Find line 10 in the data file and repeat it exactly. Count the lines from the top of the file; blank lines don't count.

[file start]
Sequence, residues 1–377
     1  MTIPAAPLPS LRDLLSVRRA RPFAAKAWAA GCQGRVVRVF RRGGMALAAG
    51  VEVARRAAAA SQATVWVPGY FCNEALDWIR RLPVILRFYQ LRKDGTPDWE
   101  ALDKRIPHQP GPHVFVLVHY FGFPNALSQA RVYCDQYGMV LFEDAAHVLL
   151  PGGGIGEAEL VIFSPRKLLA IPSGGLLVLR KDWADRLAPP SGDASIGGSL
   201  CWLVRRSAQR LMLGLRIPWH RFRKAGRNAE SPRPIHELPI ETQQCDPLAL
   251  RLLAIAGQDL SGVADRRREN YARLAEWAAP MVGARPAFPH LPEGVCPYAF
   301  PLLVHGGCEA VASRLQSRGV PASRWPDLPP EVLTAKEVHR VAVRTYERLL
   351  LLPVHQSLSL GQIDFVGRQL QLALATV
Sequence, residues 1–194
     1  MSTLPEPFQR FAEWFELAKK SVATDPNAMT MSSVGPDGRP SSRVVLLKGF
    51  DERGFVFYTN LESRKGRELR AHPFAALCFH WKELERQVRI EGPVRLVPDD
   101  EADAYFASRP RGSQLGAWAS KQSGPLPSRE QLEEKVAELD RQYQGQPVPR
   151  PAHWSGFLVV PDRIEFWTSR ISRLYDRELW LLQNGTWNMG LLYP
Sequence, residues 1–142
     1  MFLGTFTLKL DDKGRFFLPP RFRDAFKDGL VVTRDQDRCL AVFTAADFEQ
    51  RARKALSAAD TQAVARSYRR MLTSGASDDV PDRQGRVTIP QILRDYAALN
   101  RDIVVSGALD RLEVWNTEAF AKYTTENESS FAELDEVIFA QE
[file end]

Sequence, residues 1–194